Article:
In the conventional magnetic encoder employing the rubber magnet, the amount of the powdery magnetic material to be used in the rubber magnet cannot be increased and, therefore, increase of the detecting sensitivity is naturally limited. This is because, if the amount of the powdery magnetic material to be mixed is too large during the process of kneading the powdery magnetic material, not only is a kneading machine apt to be damaged considerably, but also the powdery magnetic material tends to be oxidized in contact with heat evolved during the processing with the magnetic characteristic consequently deteriorated. Also, with the magnetic encoder employing the rubber magnet, there is a high possibility that the surface of the magnetic encoder will be damaged or scratched in contact with sand particles or the like that are trapped in between the surface of the magnetic encoder and the magnetic sensor confronting with such magnetic encoder surface.

The same applicant as that of the present invention has therefore suggested a magnetic encoder including a multi-pole magnet member. This multi-pole magnet member is a sintered element prepared by sintering a mixture of a powdery magnetic material and a powdery non-magnetic material. See the Japanese Laid-open Patent Publication No.2004-037441. However, the magnetic encoder having the multi-pole magnet member prepared from the sintered element appears to be damaged by strong impacts.

SUMMARY OF THE INVENTION

In view of the foregoing, the present invention is intended to provide a wheel support bearing assembly of a type capable of securing a high sealability and in which mounting of a magnetic encoder under interference fit can be satisfactorily and assuredly achieved.

Another important object of the present invention is to substantially eliminate any possible damage to a multi-pole magnet member during the press-fitting of the magnetic encoder particularly where the multi-pole magnet member is prepared from a sintered element.

In order to accomplish the foregoing objects of the present invention, the wheel support bearing assembly herein disclosed is for rotatably supporting a vehicle wheel relative to a vehicle body structure and includes an outer member having an inner peripheral surface formed with a plurality of first raceways, an inner member having a corresponding number of second raceways defined therein in alignment with the first raceways in the outer member and being positioned inside the outer member with an annular bearing space delimited between it and the outer member, and rows of rolling elements rollingly received in part within the first raceways and in part within the second raceways. The wheel support bearing assembly also includes at least one sealing unit for sealing one of opposite open ends of the annular bearing space. This at least one sealing unit includes a first sealing plate of a generally L-sectioned configuration mounted on one of the outer and inner members which serves as a rotatable member and having a first axial cylindrical wall and a first radial upright wall protruding radially from the first axial cylindrical wall, and a second sealing plate of a generally L-sectioned configuration positioned in face-to-face relation with the first sealing plate and mounted on the other of the outer and inner members which serves as a stationary member, and having a second axial cylindrical wall and a second radial upright wall protruding radially from the second axial cylindrical wall, and an elastic sealing member including a side sealing lip and at least one radial sealing lip and secured to the second sealing plate with the side sealing lip slidingly engaging the first radial upright wall of the first sealing plate and with the at least one radial sealing lip slidingly engaging the first cylindrical axial wall of the first sealing plate. A magnetic encoder includes a multi-pole magnet member fixedly mounted on the first radial upright wall of the first sealing plate, in which case the first sealing plate cooperates with the multi-pole magnet member to define the magnetic encoder. The first sealing plate is mounted on the rotating member under an interference fit with the amount of interference fit being within the range of 5 to 230 μm.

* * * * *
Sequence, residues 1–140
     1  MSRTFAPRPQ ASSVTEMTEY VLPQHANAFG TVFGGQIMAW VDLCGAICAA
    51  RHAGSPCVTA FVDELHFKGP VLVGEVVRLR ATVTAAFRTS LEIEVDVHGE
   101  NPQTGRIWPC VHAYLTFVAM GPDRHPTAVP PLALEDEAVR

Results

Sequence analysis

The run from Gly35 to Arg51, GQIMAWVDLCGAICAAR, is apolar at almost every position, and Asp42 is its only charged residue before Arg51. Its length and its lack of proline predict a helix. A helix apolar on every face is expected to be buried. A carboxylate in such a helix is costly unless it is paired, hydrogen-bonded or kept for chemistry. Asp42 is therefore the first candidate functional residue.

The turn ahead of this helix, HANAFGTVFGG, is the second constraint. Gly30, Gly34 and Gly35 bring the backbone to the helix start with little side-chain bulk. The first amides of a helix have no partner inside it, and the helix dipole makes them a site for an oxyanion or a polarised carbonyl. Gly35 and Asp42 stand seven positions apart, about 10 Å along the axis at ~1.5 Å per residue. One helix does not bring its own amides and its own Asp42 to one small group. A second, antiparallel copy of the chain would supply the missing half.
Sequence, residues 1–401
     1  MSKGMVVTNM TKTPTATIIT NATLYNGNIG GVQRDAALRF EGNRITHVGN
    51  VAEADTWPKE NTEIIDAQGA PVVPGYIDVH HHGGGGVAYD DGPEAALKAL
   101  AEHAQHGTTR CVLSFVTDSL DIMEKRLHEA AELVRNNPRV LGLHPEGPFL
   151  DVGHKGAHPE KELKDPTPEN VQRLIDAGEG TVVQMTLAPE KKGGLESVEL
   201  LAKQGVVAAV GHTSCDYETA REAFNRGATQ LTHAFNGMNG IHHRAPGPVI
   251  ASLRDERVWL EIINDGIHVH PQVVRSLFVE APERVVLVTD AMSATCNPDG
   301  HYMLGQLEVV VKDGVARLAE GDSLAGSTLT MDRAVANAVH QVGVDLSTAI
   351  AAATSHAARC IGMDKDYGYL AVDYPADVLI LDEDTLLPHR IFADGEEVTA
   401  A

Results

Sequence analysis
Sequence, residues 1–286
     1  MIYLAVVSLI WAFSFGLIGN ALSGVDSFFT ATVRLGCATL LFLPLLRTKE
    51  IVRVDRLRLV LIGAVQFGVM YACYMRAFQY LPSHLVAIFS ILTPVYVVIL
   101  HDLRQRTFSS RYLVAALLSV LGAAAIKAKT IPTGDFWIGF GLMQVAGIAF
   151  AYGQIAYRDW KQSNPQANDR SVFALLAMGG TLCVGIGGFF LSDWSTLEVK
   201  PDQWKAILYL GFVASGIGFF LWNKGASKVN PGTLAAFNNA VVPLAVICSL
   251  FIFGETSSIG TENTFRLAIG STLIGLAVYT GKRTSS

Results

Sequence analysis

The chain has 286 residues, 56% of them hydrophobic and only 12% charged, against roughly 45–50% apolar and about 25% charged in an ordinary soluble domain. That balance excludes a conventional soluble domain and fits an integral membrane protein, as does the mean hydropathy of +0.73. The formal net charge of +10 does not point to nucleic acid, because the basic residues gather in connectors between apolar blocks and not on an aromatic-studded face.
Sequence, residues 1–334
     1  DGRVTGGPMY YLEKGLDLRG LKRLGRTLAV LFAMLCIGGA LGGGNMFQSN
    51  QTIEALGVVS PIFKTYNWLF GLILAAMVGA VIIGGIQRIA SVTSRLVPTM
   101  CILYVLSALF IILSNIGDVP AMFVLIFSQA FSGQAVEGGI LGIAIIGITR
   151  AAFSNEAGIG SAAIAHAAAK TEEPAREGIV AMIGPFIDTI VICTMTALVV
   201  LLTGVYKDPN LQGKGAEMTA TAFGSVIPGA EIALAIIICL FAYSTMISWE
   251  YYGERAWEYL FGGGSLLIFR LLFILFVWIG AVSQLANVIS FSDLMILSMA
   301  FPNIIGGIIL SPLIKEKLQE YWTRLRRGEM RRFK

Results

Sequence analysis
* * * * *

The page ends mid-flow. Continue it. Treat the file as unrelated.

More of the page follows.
The term “the amount of interference fit” referred to above is intended to mean the radial overlap dimension between the mating surfaces of the first axial cylindrical wall of the first sealing plate and the rotatable member.

According to the present invention, with the magnetic encoder of the structure discussed above, the number of revolution of one of the inner and outer members that is a rotatable member, for example, the inner member rotatable together with the vehicle wheel, can be detected when a magnetic sensor is disposed in face-to-face relation with the magnetic encoder. Since this magnetic encoder forms a part of the sealing unit for sealing the corresponding open end of the annular bearing space delimited between the inner and outer members, the number of revolutions of the vehicle wheel can be detected with a compact structure and with no need to increase the number of component parts employed. As discussed above, the annular bearing space can effectively be sealed by the generally L-sectioned first sealing plate and the second sealing plate provided with the elastic member having the side sealing lip and the at least one radial sealing lip slidingly engageable with the first radial upright wall and the first axial cylindrical wall of the first sealing plate, respectively. In such case, since the magnetic encoder forms a part of the sealing unit as described above, sealing is required even at the interface between the first sealing plate, serving as a core metal of the magnetic encoder, and such one of the inner and outer members serving as the rotatable member. For this purpose, in accordance with the present invention, the amount of interference fit is chosen to be within the range of 5 to 230 μm and, accordingly, it is possible to firmly secure the magnetic encoder on the rotatable member with high sealability.